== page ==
Melanie Davies reports on her visit to Airbus Defence & Space on the day that a British-built spacecraft delivered a probe to a very alien world.
There are not many space missions that have touched the hearts and minds of people throughout the world as much as Rosetta. Named after the Rosetta Stone – a slab of volcanic basalt responsible for revealing the mysteries of ancient Egyptian hieroglyphics – this intrepid comet chaser has inspired a generation of science explorers, uncovering mysteries bound up in its icy companion – comet 67P/Churyumov-Gerasimenko (67P for short).
The International Rosetta Mission was approved as far back as November 1993 by the European Space Agency’s (ESA) Science Programme Committee. The initial target for the mission was comet 46P/Wirtanen, but a ten month launch delay meant that a new rendezvous location was needed: the now famous 67P.
Stevenage-based aerospace company, Airbus Defence and Space (formally Astrium UK), was responsible for the design and build of Rosetta, which began construction in 1997, ‘making the impossible possible’. A recent statement from Airbus proudly exclaimed “When the scientific community needs something done that has never been done before, they come to us.”
Although we think of this mission as being bang up-to-date, the technology within the spacecraft is of another era. Even at the time of building, Rosetta’s onboard kit had to be reassuringly tried and tested, using 1980s computer chips to ensure stability throughout its long journey. Designed with a box-type central structure (measuring 2.8 x 2.1 x 2.0 metres) containing its precious payload of 11 scientific instruments plus the Philae lander, it uses thermal balancing to enable Rosetta to endure temperatures between 140 and -270 degrees Centigrade. Outstretched from its central hub are the craft’s enormous wings: 32 meters from tip to tip. These light-absorbing solar panels have a combined area of 64 square metres – enough to capture and process solar energy from a distance of over 800 million kilometres from the Sun, where levels of sunlight are only 4% those on Earth. Rosetta is the first space mission to journey beyond the main asteroid belt relying solely on solar cells for power generation. And when it costs up to £25,000 per kilogram just to get into space, weight is paramount. So from insulation and ducting to solar panels – the choice of materials for the comet chaser was of prime importance, with the final weigh-in at around 3000 kilograms.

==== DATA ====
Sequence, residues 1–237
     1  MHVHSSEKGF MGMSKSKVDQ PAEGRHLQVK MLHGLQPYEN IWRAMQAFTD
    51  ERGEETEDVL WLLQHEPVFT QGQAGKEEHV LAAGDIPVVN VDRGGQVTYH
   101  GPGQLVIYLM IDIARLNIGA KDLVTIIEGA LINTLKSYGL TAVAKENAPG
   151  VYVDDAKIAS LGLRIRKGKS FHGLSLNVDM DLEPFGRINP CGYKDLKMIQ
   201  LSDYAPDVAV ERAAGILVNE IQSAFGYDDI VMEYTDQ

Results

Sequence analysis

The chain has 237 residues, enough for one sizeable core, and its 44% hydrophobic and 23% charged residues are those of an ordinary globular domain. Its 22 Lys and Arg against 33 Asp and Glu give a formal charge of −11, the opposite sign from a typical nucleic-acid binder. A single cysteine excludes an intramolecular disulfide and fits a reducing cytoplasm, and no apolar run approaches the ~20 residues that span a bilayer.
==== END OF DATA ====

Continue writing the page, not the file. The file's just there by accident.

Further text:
Rosetta’s epic journey started on 2nd March 2004 when it launched from ESA’s spaceport at Kourou, near the equator in French Guiana, atop an Ariane 5 G+ rocket, also built by Airbus. “Launching from the equator means that less fuel is needed to escape Earth’s gravity” said Izabala Zajac, Graduate Thermal Engineer at Airbus Defence and Space. Rosetta has now travelled about 6.5 billion kilometres, including four gravity-assist slingshots (three around Earth and one around Mars) and two asteroid flybys.
This ultra-ambitious mission has already met with a host of milestones. After a decade-long cosmic voyage, navigating freely by reading the stars, it has chased and caught up with a comet and started a year-long ride around its nucleus; measured the comet’s surface and sub-surface temperatures; studied violent eruptions of gases; and generated images the likes of which have never been seen before.